You probably keep a to-do list, a running tally of the things you want to accomplish. You may also take the time to write down your goals for the coming day, or week, or month. But here's something you should do but probably don't: End every evening by writing down the best things you did that day.

I had never thought about doing anything like this until I came across this New York Times piece about accepting compliments, especially from yourself. It doesn't sound like much of a practice and it only takes a few minutes so it may be hard to see why the simple act of writing down a few small tasks -- fed the cat, hugged my kid, helped solve someone's problem at work, made dinner -- could be a powerful self-improvement tool. And yet, it is.

If you're a good boss, you already know that praising people about their efforts and accomplishments is one of the most powerful ways there is to motivate them to an even more outstanding performance. It turns out that the same principle applies to the praise you give yourself. This is counter-intuitive for a lot of people, including me. You are likely more are accustomed to motivating yourself by basically yelling at yourself like a drill sergeant. "Get up off the couch, turn off the TV and go work out you lazy idiot! What's wrong with you? If you don't get moving, you'll never amount to anything!"

Most of us talk to ourselves this way all the time. It may feel very unnatural to tell ourselves something like, "You work so hard, and you did such a good job today. I'm proud of you." And yet, just like your employees, that's exactly what you need to hear from yourself to stay motivated. In fact, Teresa Amabile, a Harvard Business School professor and co-author of The Progress Principle told the Times that the praise we give ourselves may be the most powerful praise there is. And it's not so much the huge celebrations we hold when we finish an important project or break a record that matter. People derive the most benefit from making small achievements and then pausing to reflect on them.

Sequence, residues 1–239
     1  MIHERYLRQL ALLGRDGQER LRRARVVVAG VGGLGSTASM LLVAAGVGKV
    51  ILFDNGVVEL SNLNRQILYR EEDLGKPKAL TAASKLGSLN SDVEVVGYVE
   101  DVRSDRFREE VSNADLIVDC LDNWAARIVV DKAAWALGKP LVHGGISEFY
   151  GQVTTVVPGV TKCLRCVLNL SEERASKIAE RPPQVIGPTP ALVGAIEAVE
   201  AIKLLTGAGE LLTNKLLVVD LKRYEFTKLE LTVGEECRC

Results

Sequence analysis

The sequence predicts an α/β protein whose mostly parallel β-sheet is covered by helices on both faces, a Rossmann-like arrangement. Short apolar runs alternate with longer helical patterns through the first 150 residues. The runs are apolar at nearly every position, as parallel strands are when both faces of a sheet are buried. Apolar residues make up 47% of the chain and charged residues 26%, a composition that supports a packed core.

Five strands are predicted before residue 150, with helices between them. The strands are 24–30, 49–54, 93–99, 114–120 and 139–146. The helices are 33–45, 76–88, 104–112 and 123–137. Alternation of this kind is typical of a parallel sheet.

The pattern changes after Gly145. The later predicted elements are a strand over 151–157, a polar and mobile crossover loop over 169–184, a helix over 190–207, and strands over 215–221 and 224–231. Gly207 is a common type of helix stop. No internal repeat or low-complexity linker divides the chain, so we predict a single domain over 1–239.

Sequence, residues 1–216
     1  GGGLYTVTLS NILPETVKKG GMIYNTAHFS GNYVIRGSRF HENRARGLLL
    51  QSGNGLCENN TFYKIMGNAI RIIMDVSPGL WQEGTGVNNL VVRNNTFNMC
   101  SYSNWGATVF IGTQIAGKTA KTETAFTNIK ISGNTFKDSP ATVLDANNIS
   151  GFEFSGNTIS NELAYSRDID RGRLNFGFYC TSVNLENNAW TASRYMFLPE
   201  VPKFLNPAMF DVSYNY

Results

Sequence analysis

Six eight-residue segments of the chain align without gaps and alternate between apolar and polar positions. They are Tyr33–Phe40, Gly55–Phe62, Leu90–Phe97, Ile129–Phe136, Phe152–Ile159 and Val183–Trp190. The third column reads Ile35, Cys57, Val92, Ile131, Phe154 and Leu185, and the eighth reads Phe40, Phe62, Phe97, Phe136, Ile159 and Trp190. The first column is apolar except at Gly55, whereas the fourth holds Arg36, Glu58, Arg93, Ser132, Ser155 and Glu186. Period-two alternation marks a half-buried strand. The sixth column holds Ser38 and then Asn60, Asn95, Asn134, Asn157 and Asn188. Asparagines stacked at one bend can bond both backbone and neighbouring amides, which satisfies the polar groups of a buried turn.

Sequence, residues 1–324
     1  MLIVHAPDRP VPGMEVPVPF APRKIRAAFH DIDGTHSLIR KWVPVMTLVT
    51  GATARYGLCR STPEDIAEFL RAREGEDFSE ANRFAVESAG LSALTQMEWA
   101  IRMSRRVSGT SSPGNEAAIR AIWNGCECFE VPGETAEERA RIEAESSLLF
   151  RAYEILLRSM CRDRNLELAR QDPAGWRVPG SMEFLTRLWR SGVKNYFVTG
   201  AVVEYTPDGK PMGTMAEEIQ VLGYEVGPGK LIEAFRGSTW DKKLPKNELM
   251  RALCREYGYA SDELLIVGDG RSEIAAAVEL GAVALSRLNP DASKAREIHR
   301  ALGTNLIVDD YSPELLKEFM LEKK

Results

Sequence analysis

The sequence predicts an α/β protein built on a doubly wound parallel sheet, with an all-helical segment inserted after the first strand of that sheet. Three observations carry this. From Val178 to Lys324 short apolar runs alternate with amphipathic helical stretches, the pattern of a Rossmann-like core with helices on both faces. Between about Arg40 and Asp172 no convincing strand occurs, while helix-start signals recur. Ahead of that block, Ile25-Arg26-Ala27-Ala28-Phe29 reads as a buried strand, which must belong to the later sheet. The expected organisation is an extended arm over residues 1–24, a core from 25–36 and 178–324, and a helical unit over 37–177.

What did I do right today?

The Times suggests keeping score of your small achievements whatever way works best for you, either jotting down things you've gotten done throughout the day or filling in a spreadsheet or taking a few minutes to write things down at the end of the day. But if you can do it, I recommend the last of these options because focusing your attention on your own small successes right before going to sleep will have a powerfully positive effect on your unconscious mind. That's especially true if, like me, you tend to start every day hoping to get more done than is probably humanly possible, and then end every day dwelling on all the things you planned to accomplish but didn't.

So, at the end of the night, grab your journal or a piece of paper or even your smartphone and ask yourself this question -- write it at the top of the page if you like: "What did I do right today?"

Now, if you're anything like me, you'll be tempted to write things like this: "I made some progress on that project but not as much as I hoped. I did take a walk today, but it wasn't as long as it could have been, and then afterward I ate too many donut holes." 

It's important to resist that temptation to compare what you actually did with what you think you should have done, or balance what you got right with what you got wrong. Nope, we're only looking for the positive. And small accomplishments are at least as important as big ones. So stifle your human instinct to focus on the negative and only write down the good things. Then do it again tomorrow, and again the next day. Writing down what you're proud of -- and that you're proud of those things -- will give you a small mental reward. That, in turn, will make you more willing to make the same effort tomorrow, or maybe even a little bit more.

The point of this practice is to focus on your daily small accomplishments to build your confidence and motivation to build on those successes. It will also provide a record. You may be surprised, in a year or two, when you come back and review your daily writings just how far you've come.